Newsroom

KUNC Colorado: Reps. Buck And Polis Want Better Enforcement Of Campaign Finance Laws (In the News)

By Michael De Yoanna
Twelve members of Congress are supporting the Restoring Integrity to America’s Election Act, including two from Colorado: Reps. Ken Buck and Jared Polis, a Republican and a Democrat, respectively.
Buck said the commission was “set up in a way that invited deadlock, and that’s just what we’ve got.”…
The act seeks to reduce the number of commissioners from six to five. No more than two members of the commission could be from the same party. A fifth proposed commissioner would be the chairperson and nominated by the president and confirmed by the Senate for a 10-year term.
Groups like Issue One, a bipartisan advocacy organization focused on government ethics and political reform, are supporting the legislation as a way to restore enforcement surrounding money in politics.
Other groups, like the Center for Competitive Politics, worry that the bill’s deciding presidential pick would create an ideological tilt on the commission.
“It would transform campaign finance law enforcement into a partisan exercise, no matter how the agency markets itself,” the group said in a press release.

Filed Under: In the News, Quotes CCP

Forbes: Stop Using ‘Special Interests’ As An Insult (In the News)

By Joe Albanese
The way the term “special interests” is used in practice suggests that it’s simply shorthand for “bad thing my opponent supports.” After all, depending on one’s views, “special interests” may encompass big business or big labor, fossil fuel or green energy companies, and single-issue and ideological groups like the Club for Growth or EMILY’s List.
In fact, one can fairly say that all of those groups are “special interests.” And that’s okay.
“Special interests” – or the more fitting term, advocacy groups – simplify democracy rather than subvert it. Most Americans don’t have the time or ability to analyze legislation, organize grassroots activity, or follow the ins and outs of the political process. Advocacy groups bridge the gap between citizens and government. They communicate their members’ views to public officials and inform the public of important political developments. For every advocacy group with one viewpoint, there is almost certainly another one making the opposite case. Some groups you’ll support, and others you’ll oppose, but they all contribute to the exchange of ideas that makes democracy work.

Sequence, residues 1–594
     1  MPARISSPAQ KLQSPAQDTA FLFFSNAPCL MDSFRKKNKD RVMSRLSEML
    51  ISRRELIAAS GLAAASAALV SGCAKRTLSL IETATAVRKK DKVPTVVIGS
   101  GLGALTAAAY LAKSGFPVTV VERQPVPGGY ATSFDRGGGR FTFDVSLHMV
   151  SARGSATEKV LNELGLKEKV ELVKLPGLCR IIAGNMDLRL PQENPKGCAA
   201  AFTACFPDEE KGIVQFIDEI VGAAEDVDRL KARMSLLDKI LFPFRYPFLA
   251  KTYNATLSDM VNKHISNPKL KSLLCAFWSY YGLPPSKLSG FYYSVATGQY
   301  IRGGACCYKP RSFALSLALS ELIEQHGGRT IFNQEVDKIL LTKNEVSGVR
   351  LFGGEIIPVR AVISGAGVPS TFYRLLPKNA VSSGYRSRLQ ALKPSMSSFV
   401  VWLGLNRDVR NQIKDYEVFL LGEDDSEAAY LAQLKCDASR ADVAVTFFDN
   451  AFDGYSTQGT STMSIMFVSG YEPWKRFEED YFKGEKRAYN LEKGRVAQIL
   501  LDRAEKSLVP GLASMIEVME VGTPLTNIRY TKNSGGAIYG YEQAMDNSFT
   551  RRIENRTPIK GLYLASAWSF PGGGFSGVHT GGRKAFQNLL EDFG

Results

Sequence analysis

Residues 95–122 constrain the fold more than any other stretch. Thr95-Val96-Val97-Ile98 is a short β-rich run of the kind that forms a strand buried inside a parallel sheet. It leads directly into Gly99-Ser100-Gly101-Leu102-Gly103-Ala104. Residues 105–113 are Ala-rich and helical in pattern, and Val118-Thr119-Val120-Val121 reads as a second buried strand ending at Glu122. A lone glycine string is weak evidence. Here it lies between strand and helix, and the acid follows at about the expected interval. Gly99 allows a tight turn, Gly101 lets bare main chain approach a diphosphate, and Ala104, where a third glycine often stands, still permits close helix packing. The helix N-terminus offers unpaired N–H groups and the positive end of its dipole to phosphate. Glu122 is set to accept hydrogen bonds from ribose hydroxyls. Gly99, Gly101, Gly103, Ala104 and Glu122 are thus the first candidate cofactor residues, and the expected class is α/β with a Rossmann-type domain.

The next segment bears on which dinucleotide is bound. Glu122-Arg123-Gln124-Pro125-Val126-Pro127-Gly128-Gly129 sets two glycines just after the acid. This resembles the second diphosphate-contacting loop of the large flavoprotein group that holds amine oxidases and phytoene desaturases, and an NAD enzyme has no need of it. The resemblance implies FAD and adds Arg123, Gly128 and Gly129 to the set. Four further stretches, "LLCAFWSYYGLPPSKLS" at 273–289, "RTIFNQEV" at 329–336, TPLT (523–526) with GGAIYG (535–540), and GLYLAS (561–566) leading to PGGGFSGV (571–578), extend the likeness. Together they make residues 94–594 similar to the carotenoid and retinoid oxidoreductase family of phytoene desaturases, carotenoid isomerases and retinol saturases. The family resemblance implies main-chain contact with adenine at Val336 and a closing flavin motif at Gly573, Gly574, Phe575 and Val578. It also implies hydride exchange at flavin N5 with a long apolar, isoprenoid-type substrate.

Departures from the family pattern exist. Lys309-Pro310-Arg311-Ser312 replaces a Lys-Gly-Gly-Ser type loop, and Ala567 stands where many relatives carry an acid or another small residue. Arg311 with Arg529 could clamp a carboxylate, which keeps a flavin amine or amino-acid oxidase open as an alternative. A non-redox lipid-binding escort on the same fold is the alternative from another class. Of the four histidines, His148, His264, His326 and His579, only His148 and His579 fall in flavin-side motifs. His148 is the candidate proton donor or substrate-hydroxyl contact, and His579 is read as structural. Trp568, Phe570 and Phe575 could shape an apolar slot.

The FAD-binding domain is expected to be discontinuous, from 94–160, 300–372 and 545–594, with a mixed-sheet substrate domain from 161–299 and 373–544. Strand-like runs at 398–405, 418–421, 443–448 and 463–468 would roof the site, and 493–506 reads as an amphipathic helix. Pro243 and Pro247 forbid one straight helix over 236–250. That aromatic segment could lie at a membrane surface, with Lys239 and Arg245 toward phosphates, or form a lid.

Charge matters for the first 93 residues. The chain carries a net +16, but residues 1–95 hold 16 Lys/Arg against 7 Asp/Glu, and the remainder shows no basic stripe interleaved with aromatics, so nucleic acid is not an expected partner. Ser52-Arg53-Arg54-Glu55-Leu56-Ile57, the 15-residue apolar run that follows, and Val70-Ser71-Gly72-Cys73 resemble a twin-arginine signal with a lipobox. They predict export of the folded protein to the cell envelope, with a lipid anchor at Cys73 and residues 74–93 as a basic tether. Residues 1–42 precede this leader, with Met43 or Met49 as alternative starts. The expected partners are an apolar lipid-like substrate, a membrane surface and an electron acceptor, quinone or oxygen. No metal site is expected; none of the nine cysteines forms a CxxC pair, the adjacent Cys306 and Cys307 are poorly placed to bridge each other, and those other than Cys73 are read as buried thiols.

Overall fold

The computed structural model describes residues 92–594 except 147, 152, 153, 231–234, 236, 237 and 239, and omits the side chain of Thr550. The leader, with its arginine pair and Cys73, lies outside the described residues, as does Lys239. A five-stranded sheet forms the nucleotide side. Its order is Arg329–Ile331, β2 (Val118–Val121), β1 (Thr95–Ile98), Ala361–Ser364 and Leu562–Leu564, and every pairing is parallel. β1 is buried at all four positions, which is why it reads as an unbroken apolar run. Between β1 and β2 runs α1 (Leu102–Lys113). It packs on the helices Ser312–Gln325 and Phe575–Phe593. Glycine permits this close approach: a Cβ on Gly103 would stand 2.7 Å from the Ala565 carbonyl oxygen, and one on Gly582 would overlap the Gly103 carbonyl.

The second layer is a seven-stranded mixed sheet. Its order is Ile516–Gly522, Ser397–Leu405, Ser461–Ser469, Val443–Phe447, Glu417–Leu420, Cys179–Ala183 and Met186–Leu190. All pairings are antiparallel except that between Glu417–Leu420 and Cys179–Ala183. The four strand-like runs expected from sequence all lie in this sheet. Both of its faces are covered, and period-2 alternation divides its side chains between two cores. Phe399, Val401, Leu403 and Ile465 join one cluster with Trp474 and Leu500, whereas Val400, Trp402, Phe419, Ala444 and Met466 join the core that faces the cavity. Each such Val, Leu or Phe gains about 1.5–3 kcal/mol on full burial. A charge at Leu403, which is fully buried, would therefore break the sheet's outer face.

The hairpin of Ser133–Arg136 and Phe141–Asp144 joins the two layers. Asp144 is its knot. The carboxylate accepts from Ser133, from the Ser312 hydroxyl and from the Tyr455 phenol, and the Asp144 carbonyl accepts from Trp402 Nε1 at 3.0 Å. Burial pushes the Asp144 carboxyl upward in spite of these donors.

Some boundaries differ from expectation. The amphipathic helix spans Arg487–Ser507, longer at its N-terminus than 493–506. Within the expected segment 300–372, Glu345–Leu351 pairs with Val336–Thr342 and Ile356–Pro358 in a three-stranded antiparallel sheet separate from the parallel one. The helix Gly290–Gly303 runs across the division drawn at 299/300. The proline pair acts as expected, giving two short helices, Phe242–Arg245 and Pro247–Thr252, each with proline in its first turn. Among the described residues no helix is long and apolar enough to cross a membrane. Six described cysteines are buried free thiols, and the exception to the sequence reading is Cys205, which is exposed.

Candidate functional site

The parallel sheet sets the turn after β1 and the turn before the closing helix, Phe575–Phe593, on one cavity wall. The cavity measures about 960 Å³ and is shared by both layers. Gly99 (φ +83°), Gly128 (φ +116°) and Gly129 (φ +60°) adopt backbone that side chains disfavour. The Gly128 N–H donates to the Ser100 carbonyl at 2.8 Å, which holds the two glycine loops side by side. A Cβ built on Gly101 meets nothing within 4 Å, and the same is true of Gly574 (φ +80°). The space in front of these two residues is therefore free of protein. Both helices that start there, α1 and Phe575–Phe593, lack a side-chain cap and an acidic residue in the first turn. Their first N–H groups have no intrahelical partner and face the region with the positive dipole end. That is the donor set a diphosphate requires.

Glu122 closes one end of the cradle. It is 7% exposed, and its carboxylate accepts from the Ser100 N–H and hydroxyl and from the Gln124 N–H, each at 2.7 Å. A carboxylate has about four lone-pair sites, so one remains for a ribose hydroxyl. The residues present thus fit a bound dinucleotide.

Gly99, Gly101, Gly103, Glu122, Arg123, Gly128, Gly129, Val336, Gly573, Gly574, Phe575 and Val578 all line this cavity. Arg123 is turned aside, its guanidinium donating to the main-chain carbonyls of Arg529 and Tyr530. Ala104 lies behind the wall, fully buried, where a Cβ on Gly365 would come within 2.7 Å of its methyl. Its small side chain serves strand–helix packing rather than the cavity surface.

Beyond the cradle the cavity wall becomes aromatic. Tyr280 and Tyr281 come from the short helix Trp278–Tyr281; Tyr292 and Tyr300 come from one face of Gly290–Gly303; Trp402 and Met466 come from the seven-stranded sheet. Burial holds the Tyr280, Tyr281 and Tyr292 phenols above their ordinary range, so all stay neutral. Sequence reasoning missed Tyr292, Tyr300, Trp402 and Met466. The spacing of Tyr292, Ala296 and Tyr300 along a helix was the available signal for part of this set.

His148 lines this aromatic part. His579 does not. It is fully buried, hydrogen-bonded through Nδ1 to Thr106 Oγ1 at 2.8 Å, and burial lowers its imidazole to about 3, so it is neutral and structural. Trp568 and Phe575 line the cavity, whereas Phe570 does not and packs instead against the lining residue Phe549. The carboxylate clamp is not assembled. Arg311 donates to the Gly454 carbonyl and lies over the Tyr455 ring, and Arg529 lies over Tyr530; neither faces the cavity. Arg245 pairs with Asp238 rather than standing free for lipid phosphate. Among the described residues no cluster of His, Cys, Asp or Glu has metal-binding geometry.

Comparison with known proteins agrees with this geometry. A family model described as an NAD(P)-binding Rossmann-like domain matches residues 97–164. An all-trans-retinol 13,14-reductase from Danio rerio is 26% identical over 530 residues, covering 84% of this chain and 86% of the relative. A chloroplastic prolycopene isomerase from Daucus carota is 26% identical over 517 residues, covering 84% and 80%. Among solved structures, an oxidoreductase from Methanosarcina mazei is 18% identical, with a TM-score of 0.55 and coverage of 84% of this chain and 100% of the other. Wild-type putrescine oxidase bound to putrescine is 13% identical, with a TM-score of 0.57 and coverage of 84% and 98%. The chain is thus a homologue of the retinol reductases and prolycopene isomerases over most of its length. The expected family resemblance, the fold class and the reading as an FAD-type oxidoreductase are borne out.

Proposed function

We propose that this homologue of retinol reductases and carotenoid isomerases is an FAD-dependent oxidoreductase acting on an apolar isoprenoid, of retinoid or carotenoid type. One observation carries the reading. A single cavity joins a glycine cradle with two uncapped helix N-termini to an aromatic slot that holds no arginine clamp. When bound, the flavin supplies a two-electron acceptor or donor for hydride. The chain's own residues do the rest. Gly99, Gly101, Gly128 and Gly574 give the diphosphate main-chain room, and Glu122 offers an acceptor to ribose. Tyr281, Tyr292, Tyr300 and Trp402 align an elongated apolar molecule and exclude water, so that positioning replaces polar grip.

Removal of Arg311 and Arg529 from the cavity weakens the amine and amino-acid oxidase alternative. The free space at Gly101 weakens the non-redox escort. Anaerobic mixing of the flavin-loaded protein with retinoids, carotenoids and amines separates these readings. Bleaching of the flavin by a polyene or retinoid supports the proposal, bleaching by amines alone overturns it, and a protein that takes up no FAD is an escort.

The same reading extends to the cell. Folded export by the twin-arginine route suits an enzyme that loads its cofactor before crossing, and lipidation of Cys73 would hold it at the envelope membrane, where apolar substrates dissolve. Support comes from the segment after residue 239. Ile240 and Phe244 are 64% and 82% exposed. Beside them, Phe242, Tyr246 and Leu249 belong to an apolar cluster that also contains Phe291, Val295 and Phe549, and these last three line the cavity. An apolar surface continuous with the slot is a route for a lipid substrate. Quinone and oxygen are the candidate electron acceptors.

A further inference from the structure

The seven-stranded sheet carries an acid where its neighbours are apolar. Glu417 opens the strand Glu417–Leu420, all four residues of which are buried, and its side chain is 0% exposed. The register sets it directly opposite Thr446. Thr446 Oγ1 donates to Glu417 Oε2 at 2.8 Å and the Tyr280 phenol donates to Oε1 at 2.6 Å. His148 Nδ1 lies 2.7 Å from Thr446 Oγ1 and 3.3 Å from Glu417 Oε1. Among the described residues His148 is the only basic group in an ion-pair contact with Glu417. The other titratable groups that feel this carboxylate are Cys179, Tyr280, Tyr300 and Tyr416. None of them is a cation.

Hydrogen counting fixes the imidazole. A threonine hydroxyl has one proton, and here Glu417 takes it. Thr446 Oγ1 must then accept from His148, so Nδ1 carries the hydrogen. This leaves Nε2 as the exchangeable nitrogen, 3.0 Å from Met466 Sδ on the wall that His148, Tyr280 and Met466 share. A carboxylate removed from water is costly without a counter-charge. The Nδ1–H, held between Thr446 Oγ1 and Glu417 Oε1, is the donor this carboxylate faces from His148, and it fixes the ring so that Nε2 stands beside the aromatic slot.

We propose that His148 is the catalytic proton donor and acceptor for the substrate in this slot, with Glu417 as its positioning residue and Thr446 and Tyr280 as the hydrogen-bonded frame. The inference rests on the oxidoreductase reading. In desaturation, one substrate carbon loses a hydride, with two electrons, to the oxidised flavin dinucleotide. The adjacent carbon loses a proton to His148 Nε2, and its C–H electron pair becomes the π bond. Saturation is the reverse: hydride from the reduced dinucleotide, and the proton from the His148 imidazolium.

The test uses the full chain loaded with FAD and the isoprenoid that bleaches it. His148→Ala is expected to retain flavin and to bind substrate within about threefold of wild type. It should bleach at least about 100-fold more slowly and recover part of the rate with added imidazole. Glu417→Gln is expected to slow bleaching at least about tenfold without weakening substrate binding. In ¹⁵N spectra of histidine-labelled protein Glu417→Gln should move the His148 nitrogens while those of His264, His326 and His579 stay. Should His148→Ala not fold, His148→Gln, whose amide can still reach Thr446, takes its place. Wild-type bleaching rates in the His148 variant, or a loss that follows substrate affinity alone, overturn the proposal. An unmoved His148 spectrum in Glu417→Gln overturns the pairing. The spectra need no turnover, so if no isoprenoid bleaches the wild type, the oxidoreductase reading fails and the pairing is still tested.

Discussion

Filed Under: In the News, Joe Albanese, Published Articles

Philanthropy Magazine: The Legal and Political Landscape of Donor Privacy (In the News)

By Sean Parnell
A 2014 lawsuit challenging the California attorney general’s demands, filed by the Center for Competitive Politics, argued that mandatory donor disclosure violates the First Amendment. Several additional 501c3 nonprofit organizations, including The Philanthropy Roundtable, filed amicus briefs in support of CCP’s petition…
Unfortunately, the way campaign finance laws are written they often encompass speech by charities related to issues, not candidates or elections. This is exactly what happened to the Independence Institute, a Colorado-based think tank organized under section 501c3 of the federal tax code and thus prohibited from intervening in elections. In 2014 it wanted to pay for radio advertisements encouraging Coloradoans to contact their two U.S. senators and urge them to support criminal-justice reforms, something well within the scope of proper activity for a charity.
But because one of the state’s two senators was running for re-election at the time, the Independence Institute would have been forced to reveal its major donors if it had run the ads within 60 days of the election. It decided not to run the ads and sued to challenge the application of campaign finance law to organizations that cannot legally engage in election campaigns.

Filed Under: In the News, In the News Our Cases

Philanthropy Magazine: President’s Note (In the News)

Philanthropy Magazine: President’s Note By Adam Meyerson If you are involved with a foundation, donor-advised fund, or other form of charitable giving, our mission at the Roundtable and our legislative arm the Alliance for Charitable Reform is to protect your freedom… The Philanthropy Roundtable is also committed to protecting your right as an individual to […]

Filed Under: In the News

Washington Examiner: Courts should undo this dumb, unfair rule on campaign finance (In the News)

By Bradley Smith
In Holmes v. FEC, my organization, the Center for Competitive Politics, represents plaintiffs who are challenging the timing of contribution limits in federal races, but not the limits themselves. Federal law limits donors to contributing $2,700 to a candidate for the primary election, and another $2,700 for the general election. Many incumbents, however, do not face a primary challenger. They can raise $5,400 per donor and effectively spend it all on the general…